“This is not to say the care became optimal or even very good,” she said. Many common complaints, like anxiety, are not really treated, she said.
As for the babies born to women in prison, in almost every case they are sent to live with relatives or the other parent, if the mother can arrange it. When she can’t find someone to take the newborn, he or she goes into foster care.
Bass found a couple to adopt her newborn daughter, who had been diagnosed with Down Syndrome in utero. (Hear the adoptive parents’ story in the audio montage.)
Even though she feels good about the parents she chose for her daughter, Bass described the experience of being separated from her newborn as “heart wrenching.” She wasn’t able to talk to others much about it. Instead, she described herself as being stuck in her head. She would suddenly find herself crying.
Zodiacal also fell into depression after the birth of her son in May, according to her cousin, Cari Hernandez.
She had arranged for Hernandez, who she considers a sister, to take Jayden Elijah. Zodiacal’s own mother had been in and out of prison and she was mostly raised by a dear aunt, Hernandez’s mother.
In phone calls from prison, Zodiacal told Hernandez she wanted to see photos of Jayden. But Hernandez didn’t have any extra money to print and mail them.
Navarro said she commonly sees depression among post-partum inmates separated from their babies. Academic studies over the years have shown trauma to both mother and baby when they are separated at birth.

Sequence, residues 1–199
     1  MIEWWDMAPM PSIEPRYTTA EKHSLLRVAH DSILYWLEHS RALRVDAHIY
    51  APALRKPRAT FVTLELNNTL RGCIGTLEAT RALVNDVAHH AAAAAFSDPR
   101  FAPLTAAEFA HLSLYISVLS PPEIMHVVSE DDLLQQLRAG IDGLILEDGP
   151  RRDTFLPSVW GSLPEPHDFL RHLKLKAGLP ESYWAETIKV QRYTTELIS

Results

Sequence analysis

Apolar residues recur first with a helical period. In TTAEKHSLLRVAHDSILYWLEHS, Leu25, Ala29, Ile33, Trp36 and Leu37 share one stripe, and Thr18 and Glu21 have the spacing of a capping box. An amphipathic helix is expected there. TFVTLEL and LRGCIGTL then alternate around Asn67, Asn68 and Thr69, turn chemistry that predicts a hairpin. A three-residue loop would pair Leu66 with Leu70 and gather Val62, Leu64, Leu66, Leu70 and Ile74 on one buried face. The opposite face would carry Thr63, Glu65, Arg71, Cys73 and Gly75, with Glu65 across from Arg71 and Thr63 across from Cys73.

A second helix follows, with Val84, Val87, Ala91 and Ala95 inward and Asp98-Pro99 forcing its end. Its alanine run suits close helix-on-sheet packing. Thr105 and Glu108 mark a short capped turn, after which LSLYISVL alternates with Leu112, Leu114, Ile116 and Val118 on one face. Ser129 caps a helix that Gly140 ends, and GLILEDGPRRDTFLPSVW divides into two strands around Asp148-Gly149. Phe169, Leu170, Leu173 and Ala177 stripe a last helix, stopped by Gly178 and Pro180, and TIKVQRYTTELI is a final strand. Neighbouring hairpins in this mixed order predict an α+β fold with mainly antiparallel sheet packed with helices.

In the 1970’s, women’s advocates began to make a case for keeping mothers and babies together - even if the mother is incarcerated. Feminist scholars were researching the impact of the increasing female prison population. They documented the emotional hardship caused to children.
If things didn’t change, they predicted “profound harm” to children living without their incarcerated mothers.
No matter what the studies said, releasing a woman from prison to care for a newborn was a political non-starter. So different states tried different experiments. The most common was nurseries inside prisons.
California tried something different: the Community Prisoner Mother Program.
In 1985, the state legislature passed a bill, signed into law by Republican Gov. Deukmejian, that created a program for low-level offenders who were pregnant or new mothers to live with their children in a “community setting.”
“This was actually really remarkable,” said Johnston, the advocate who works with children of incarcerated women.
California has operated nine different facilities where mothering inmates could live with their young children.
Most have closed, in part because the same low-level offenders who are eligible for the program – DUI-convicts, burglars, minor drug offenders - were transferred to county officials to ease prison overcrowding.
The only prisoner-baby program left is in Pomona. The Department of Corrections rents rooms from a non-profit that runs a residential detox program. The state pays for up to for 24 inmates, but not all the beds were full during visits in July and August.
The complex looks nothing like a prison - groups of dorms surround a large playground. Inside are a nursery, toddler care rooms, a Head Start program and a Kindergarten classroom run by the Pomona Unified School District. There are no bars, no barbed wire and no armed guards.
“If you have a baby in prison, you have your baby and you hand your baby over to somebody,” said Regina Dotson, the senior corrections officer in charge of the inmates at the Pomona facility. “If they’re in my program, they have their baby and they come back here and they get to bond with their baby.”